Saturday, November 25, 2017

Jinkwansa Temple: Cooking Class and Tea with a Monk

Jinkwansa Temple hosted a special food exhibition and contacted Sonja Glaeser, Founder and CEO of Hippie-Korea, a private travel group based in Suwon, to see if she could organize a group for the event. One reason Jinkwansa contacted Sonja is because she had told them about her travel group when she had very recently applied to do volunteer work with them, and the second reason was they needed a travel group who would be willing to be filmed for an upcoming Buddhist program while experiencing Jinkwansa's famed temple food.

About 25 people attended this spontaneously organized program, and I rather doubt anyone regretted it, despite the pouring rain. The food was fabulous, but then of course it was. Jinkwansa is a biguni (Buddhist nun) temple that is renowned as a temple food mecca. The head nun-monk, Ven. Gyeho, is around 70 years old and is the epitome of positivity, good health and food knowledge. While demonstrating the fine-cutting of veggies, she challenged anyone to compete with her cutting speed. No one did, and the only person who ever did and out-cut her was when former US President Obama recently came on tour to the temple and his private chef accepted the challenge. The chef not only out-chopped the monk but his cuts were even finer! To test how fine the finely cut veggies are, they are flung against a whiteboard and in such fine pieces they don't have much weight to make them fall off. Obama's chef's veggie whisps stuck for an impressively long time!

The Garden of Mind, Jinkwansa Temple (so-called on the brochure)

Jinkwansa Temple, located to the west of Seoul, is one of the four major temples around Seoul. The temple was dedicated to Preceptor Jinkwan in 1010 BC by King Hyeongjong, the 8th king of the Goryeo Dynasty. The temple is not situated amidst the beautiful surroundings of Bukhansan National Park, but also contains an impressive collection of cultural and historical properties.

Jinkwansa Temple is known for its temple food - natural homegrown veggies, prepared in person and with no commercial elements. As everything done at the temple is considered part of religious practice, from growing nuts and preparing doengjang, monastic practitioners give thanks while preparing and while eating. 
Sachal-mandoo (temple veggie dumplings) 
1 zucchini
3 dried shiitake mushroom (traditional belief - more vitamins in the dried ones)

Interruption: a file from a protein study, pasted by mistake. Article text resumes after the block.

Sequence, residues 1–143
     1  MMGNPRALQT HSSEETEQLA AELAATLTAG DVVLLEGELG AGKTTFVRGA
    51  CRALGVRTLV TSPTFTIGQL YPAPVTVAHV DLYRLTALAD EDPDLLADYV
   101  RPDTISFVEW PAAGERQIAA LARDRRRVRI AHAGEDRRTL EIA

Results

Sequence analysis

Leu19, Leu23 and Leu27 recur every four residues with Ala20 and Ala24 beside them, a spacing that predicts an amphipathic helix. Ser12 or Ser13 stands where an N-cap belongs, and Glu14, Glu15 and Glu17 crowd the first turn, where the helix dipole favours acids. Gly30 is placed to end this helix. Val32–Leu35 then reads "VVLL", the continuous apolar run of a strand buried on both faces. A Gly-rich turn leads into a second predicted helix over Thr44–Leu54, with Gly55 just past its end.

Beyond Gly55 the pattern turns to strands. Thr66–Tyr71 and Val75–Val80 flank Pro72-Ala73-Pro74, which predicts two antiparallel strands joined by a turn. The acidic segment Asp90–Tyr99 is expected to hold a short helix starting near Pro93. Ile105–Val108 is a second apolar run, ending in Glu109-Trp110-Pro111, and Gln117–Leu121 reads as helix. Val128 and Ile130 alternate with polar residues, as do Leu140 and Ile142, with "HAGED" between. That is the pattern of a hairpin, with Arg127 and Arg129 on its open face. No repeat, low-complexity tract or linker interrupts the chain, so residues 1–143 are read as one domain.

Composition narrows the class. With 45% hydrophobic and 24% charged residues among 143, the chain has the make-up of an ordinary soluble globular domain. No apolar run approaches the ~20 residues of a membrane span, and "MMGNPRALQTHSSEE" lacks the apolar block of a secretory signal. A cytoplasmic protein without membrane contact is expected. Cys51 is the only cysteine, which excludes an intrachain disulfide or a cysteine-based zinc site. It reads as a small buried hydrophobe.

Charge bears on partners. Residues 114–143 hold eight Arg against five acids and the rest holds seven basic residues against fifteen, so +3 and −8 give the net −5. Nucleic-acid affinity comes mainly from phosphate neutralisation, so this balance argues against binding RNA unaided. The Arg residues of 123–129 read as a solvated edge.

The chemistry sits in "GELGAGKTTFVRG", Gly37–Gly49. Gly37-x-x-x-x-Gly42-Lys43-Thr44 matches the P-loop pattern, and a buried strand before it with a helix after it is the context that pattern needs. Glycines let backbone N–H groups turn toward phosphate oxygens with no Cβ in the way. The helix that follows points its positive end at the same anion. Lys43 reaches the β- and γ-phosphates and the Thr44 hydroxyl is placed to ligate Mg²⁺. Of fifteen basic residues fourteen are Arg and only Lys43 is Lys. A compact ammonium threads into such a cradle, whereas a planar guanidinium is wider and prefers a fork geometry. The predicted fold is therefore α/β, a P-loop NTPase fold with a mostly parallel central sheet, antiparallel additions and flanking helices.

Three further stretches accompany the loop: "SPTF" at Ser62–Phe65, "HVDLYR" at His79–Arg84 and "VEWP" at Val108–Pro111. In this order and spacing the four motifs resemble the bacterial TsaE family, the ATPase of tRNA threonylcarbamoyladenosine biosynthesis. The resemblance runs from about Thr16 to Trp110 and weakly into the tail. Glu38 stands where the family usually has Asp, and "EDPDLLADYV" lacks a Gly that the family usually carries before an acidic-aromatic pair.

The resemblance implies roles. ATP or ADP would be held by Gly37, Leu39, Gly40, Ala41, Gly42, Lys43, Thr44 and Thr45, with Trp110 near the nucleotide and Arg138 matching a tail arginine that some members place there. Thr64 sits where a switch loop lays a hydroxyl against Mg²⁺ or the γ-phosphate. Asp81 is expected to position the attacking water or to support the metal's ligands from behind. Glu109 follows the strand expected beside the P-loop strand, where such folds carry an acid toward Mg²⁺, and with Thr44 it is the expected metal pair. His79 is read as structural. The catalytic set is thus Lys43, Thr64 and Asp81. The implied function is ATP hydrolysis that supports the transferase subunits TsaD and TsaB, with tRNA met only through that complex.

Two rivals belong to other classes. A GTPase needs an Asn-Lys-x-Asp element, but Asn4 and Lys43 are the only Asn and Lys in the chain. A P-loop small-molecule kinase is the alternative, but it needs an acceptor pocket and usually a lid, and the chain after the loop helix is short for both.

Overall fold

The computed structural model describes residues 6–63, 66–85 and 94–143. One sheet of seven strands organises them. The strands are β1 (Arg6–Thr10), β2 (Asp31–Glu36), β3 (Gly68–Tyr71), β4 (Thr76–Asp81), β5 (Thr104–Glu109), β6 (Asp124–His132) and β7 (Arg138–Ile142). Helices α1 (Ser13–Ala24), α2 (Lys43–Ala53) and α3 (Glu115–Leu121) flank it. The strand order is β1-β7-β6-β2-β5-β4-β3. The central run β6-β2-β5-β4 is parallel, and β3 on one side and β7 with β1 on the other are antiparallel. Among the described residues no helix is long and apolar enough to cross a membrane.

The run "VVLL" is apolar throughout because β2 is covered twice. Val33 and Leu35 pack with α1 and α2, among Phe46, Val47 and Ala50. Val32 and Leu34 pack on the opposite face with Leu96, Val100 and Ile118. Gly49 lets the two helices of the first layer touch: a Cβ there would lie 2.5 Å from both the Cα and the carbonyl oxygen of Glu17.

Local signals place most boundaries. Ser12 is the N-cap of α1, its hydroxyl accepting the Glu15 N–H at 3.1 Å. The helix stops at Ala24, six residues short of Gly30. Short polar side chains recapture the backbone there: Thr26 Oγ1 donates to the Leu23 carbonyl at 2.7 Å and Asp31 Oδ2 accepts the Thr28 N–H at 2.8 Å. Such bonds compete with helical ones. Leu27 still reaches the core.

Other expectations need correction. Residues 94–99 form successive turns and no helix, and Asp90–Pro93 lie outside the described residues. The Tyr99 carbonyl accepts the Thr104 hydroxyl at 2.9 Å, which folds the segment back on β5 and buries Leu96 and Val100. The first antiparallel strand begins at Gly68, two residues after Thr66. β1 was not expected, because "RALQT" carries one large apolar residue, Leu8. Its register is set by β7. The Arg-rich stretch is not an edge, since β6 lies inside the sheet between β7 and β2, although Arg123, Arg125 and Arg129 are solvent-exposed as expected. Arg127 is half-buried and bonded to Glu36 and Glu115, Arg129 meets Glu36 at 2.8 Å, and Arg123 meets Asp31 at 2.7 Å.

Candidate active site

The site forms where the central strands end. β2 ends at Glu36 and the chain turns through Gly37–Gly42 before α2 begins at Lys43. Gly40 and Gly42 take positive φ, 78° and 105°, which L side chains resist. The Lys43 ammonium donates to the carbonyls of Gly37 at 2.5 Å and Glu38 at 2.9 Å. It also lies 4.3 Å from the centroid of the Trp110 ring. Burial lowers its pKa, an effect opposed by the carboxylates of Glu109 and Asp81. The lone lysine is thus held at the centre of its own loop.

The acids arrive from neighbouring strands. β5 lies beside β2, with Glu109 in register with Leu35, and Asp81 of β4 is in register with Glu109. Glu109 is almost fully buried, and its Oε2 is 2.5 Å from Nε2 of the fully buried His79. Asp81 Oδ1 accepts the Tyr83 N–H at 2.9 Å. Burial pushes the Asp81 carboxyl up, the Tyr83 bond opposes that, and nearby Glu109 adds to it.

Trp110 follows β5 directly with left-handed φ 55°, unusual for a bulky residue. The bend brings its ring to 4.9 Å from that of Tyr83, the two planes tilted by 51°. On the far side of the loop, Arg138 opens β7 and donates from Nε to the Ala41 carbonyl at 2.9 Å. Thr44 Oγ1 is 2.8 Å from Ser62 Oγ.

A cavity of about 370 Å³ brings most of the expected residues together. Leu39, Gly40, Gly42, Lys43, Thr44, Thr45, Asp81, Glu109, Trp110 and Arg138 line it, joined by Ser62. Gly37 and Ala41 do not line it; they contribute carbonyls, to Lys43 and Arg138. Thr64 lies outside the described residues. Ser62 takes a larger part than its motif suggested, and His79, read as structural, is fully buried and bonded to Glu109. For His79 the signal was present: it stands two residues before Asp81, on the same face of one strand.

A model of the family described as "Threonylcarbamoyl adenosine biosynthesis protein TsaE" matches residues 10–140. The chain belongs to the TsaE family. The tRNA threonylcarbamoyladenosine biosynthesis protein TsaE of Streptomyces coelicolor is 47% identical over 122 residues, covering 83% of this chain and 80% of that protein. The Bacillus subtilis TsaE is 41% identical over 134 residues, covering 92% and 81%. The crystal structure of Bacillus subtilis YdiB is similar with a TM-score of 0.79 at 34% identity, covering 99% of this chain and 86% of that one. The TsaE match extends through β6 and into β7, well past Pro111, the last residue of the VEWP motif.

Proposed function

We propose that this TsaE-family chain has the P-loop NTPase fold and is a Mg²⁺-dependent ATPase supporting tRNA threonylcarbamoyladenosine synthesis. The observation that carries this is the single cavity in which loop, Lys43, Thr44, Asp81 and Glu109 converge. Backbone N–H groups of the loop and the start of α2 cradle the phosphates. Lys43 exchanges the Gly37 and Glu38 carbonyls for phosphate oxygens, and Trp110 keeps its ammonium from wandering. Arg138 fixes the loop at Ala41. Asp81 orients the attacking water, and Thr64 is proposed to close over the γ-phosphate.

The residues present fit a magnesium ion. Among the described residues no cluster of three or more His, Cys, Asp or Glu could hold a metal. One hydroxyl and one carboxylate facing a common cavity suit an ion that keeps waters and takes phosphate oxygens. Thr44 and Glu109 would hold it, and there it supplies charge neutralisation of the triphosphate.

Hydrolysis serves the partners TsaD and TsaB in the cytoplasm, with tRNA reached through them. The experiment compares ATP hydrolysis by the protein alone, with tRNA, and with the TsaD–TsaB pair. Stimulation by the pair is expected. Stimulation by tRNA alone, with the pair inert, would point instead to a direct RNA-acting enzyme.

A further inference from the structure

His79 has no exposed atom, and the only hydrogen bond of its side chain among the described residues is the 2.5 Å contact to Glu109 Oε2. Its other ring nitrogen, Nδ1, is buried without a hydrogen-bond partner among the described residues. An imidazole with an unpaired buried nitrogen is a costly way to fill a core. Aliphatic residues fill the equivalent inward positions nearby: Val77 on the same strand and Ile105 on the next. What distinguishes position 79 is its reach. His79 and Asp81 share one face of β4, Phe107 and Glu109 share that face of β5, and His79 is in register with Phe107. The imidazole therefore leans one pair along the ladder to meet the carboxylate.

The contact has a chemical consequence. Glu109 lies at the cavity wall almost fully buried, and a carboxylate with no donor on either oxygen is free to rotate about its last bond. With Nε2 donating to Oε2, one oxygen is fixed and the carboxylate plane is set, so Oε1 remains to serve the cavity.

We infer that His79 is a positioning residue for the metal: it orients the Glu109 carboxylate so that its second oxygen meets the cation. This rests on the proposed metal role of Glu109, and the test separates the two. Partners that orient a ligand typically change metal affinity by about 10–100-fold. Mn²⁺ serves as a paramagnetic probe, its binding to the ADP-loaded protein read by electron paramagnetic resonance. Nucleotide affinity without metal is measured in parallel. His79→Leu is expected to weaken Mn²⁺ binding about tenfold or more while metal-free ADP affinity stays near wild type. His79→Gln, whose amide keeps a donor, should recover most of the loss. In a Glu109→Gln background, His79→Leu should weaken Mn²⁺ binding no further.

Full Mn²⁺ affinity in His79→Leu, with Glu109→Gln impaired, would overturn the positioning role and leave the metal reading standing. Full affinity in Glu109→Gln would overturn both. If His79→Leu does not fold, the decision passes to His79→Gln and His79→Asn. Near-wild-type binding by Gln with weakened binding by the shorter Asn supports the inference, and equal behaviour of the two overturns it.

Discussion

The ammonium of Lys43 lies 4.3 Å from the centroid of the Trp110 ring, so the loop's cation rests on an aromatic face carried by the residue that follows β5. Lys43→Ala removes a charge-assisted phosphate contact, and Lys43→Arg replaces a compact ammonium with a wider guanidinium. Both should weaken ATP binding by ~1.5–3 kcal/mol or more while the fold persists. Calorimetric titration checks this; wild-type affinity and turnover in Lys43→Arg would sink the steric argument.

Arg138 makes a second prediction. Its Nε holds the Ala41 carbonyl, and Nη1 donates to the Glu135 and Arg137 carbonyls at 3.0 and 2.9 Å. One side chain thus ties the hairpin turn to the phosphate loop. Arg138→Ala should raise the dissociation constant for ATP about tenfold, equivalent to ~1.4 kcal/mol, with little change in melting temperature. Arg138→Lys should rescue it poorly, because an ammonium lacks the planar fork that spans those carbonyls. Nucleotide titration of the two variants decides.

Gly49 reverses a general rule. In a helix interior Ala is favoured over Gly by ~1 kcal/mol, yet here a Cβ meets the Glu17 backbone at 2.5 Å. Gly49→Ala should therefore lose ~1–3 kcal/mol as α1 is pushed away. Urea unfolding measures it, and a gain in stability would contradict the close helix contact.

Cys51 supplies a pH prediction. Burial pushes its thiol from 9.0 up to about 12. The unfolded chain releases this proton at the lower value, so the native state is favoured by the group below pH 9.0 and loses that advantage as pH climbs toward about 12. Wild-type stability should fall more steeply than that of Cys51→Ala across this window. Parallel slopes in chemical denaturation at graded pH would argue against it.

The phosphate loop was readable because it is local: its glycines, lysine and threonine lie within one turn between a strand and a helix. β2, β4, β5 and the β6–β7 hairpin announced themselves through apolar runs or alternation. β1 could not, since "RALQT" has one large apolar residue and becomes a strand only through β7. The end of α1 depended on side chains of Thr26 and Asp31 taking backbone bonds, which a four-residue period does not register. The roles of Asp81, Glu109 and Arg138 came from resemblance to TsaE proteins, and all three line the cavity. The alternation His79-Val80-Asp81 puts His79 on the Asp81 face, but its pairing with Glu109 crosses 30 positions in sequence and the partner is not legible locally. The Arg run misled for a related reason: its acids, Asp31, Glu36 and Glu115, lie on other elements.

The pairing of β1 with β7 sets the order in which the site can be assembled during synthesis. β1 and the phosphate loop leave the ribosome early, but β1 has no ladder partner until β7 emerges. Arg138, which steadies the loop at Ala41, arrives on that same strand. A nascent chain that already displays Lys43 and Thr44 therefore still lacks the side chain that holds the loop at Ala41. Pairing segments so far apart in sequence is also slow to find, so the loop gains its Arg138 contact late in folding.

1/4 tofu brick
2 T pine nuts
1 handful mung bean sprouts
1/4 carrot
salt and black pepper
sesame oil
sesame seeds
dumpling wrappers
  1. Soak shiitake mushrooms in water then drain by squeezing. Thinly slice and stir-fry with salt.
  2. Thinly slice zucchini and carrot. Also stir-fry in salt.
  3. Blanch mung bean sprouts and remove water by squeezing.
  4. For tofu, wrap in cheesecloth and squeeze out excess water.
  5. Mix all ingredients and season with salt, sesame oil, sesame seeds and black pepper = filling
  6. Place about 1 T of filling in the center of a dumpling wrapper. Fold the wrapper in half, lightly wipe wrapper perimeter with water to help create a seal, then pinch and crimp together the folded edges.
  7. Steam dumplings for 15+ minutes until wrappers become somewhat transparent.
After the head monk demonstrated how to make sachal-mandoo, we went back to long tables and in groups of four cut up our small bunch of veggies and tofu, seasoned everything and experienced wrapping the filling with store-bought mandoo-wraps (too tlabor-intensive for us to mix our own dough, let it set for a few hours, then pound it out flat). Then in teams we brought our contributions to the front and put them in the large communal pot for steaming. 

After we had all prepared our mandoo, we then were taken to another hall and experienced a huge spread of vegan temple food! The food was laid out in two long tables, one table for the fruit desserts and dessert drinks like sikkye, while the other table was a huge spread of food dishes organized by fermented dishes, kimchis, root veggies and then green veggies. The perilla leaves in a soy and Asian pear sauce was the best! Never saw that dish before and too bad!

After eating and listening to an informative lecture on temple practices, we then enjoyed a very stylized tea with a monk, who explained the traditional practices of holding, serving and drinking tea. The monk was very specific about what is commonly taught as tea ceremony as being incorrect. One example she was most specific about is the taught practice of pouring the tea with one hand while gracefully holding the lid of the pot with the other. She said this would be absolutely rude as the sleeve or sleeves of one's robe would then be dragging or sometimes touching the tea cup or the food. 

This isn't a traditional tea service but is an individual arrangement.
Everyone had their own pot of tea and could pour their own tea at will, something that certainly would be unacceptable in the traditional tea ceremony where a person is designated to pour and serve using correct etiquette. Quite the nice modern tea ceremony, however!

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